Make Room For The Stuttering

The Power Of Disclosure

Posted on: January 13, 2016

In one of the stuttering groups, a woman recently shared her experience with disclosing her stutter to a guy she liked. She was surprised that he was actually OK with it.

She thought he was going to reject her because she stutters. She further shared that she felt so much more comfortable knowing that he knows. They have gone on a couple of dates and are enjoying their new relationship.

Disclosing that we stutter has so many benefits. Like this woman shared, it made her feel relieved that her partner knew. She didn’t have to work to keep it hidden, like she said she had done in the past.

Trying to hide stuttering is a lot of work. I know, as I did it for years. I was always tense and afraid that I’d be exposed as a stutterer and people would think less of me as a person. Or would reject me. That was always my biggest fear – rejection.

So I switched words, avoided speaking and pretended to be a shy introvert, something that I am not. I felt such relief when I stopped trying to hide my stuttering and just stuttered openly and actually talked about it.

People’s reactions were surprising to me at first, just like the woman in above’s anecdote. Most people didn’t care – it was like disclosing that I am left-handed. So? There’s nothing wrong with being left-handed, just like there’s nothing wrong with stuttering.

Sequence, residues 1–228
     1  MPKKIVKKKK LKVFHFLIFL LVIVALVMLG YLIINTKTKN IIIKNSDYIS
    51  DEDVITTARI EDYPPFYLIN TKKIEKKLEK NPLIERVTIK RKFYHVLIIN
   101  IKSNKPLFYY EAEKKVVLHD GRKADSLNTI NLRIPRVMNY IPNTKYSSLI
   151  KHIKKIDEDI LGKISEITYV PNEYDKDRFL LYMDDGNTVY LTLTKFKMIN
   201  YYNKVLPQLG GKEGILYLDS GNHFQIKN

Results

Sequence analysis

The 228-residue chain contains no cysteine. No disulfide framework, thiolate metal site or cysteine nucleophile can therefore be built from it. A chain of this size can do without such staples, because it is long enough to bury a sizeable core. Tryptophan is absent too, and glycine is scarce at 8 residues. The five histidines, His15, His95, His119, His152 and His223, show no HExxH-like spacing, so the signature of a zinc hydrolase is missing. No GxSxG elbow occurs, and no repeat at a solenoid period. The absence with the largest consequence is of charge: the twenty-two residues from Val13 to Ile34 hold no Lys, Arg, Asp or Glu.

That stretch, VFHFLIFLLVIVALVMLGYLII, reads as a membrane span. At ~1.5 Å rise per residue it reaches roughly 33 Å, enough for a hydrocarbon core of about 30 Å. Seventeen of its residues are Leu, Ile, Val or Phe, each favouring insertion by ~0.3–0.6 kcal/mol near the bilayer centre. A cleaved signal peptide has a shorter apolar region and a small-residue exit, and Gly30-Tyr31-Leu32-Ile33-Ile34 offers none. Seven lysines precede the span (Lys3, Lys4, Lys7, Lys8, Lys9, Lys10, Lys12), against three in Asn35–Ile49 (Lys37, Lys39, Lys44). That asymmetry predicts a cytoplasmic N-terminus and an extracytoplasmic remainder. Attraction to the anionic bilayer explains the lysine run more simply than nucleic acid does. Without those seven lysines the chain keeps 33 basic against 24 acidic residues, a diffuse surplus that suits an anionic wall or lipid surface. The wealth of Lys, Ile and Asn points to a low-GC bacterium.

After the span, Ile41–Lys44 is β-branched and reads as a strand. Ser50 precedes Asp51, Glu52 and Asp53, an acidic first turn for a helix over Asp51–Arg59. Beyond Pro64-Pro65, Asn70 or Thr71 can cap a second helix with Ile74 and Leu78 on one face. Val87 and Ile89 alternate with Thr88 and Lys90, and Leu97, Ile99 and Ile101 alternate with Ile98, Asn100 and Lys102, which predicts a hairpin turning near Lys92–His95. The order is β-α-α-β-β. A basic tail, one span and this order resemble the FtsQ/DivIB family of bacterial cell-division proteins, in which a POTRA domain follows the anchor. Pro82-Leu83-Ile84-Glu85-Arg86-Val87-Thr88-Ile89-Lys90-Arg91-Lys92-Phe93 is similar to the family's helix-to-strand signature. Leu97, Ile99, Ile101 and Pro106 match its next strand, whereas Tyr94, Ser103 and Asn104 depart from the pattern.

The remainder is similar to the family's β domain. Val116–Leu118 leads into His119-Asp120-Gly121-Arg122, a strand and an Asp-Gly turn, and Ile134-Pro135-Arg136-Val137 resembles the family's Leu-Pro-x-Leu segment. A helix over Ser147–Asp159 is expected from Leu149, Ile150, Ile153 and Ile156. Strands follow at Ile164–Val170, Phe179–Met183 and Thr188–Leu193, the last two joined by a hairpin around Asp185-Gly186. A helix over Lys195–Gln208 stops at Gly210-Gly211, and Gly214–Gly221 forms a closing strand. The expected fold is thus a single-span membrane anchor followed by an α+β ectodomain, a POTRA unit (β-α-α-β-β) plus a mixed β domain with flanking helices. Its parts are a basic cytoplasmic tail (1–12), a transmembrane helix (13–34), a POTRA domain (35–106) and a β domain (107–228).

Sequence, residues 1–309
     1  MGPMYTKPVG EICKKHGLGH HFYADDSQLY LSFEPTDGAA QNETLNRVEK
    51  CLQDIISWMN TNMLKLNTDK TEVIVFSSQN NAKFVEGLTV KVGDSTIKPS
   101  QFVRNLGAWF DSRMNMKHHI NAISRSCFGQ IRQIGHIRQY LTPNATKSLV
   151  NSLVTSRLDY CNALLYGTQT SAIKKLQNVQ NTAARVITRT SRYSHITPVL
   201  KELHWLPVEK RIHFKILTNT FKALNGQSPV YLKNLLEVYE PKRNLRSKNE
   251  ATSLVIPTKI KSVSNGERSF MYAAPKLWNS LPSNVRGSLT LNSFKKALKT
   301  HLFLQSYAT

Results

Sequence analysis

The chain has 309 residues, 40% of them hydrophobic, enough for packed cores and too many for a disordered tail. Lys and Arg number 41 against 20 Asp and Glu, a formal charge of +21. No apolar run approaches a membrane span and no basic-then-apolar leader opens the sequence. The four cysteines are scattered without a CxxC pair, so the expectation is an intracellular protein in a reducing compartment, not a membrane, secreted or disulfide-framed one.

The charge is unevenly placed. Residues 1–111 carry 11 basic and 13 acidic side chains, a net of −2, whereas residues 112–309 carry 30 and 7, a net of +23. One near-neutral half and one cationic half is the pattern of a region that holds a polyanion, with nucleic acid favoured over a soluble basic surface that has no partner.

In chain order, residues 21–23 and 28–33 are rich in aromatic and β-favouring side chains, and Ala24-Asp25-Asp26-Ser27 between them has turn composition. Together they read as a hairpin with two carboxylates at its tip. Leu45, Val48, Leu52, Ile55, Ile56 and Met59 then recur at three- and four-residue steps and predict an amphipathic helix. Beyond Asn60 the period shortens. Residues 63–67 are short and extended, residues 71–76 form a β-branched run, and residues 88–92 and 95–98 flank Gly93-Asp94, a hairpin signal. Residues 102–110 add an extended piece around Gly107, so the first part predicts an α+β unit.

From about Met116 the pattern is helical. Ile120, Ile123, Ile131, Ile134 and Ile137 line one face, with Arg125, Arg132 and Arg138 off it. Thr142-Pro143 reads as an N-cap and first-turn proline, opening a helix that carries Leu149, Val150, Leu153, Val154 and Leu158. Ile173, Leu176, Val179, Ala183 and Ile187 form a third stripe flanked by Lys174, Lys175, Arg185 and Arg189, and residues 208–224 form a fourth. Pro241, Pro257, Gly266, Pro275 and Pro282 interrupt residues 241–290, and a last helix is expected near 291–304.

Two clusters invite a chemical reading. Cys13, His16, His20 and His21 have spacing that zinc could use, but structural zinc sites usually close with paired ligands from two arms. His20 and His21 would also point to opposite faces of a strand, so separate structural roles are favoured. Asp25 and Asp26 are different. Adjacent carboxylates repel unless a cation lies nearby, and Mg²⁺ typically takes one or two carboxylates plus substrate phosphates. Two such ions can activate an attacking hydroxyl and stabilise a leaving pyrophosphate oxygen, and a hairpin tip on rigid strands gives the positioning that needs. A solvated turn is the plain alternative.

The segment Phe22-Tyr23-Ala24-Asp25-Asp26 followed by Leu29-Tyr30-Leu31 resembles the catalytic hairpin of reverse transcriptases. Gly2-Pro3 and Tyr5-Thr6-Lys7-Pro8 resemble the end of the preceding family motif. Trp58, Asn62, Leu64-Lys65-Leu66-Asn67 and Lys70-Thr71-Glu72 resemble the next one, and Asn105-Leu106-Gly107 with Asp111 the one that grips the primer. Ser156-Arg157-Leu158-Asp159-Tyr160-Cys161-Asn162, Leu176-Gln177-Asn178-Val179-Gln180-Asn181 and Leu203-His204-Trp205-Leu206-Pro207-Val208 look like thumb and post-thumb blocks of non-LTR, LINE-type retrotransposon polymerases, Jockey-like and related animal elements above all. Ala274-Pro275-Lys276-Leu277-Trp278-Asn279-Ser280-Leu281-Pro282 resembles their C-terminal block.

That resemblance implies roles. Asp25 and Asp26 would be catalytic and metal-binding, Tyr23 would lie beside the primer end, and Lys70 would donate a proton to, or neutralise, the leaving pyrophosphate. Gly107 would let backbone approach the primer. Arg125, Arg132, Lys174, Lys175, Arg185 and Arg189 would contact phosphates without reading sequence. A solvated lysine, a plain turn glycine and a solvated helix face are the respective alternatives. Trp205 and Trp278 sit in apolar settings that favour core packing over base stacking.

And many people already knew that I stutter, which was a big surprise.  I always thought that since I didn’t talk about it and worked so hard to hide it, that I of course no one knew I stuttered. Wrong!

Disclosing that we stutter also lessens anxiety, as we are not so fearful that we are going to be found out. And disclosure also often leads to a real connection with another person. By being brave enough to disclose, often another person will share something personal about themselves and before you know it, a connection is formed.

Finally, disclosure that we stutter opens the door to questions. Often, we’ll find that people are very interested in learning more about stuttering and will ask questions. They were just waiting for us to signal that it was OK.

Disclosure can be powerful. It can open doors for us that we thought maybe were closed. And that brings good things to life.


Leave a Reply

Fill in your details below or click an icon to log in: Logo

You are commenting using your account. Log Out /  Change )

Facebook photo

You are commenting using your Facebook account. Log Out /  Change )

Connecting to %s

Podcasts, Posts, Videos

Glad you're stopping by!

  • 713,074 visits

Monthly Archives!

Copyright Notice

© Pamela A Mertz and Make Room For The Stuttering, 2009 - 2022. Unauthorized use and/or duplication of this material without express and written permission from this blog’s author and/or owner is strictly prohibited. Excerpts and links may be used, provided that full and clear credit is given to Pamela A Mertz and Make Room For The Stuttering with appropriate and specific direction to the original content. Same protection applies to the podcasts linked to this blog, "Women Who Stutter: Our Stories" and "He Stutters: She Asks Him." Please give credit to owner/author Pamela A Mertz 2022.
Follow Make Room For The Stuttering on
%d bloggers like this: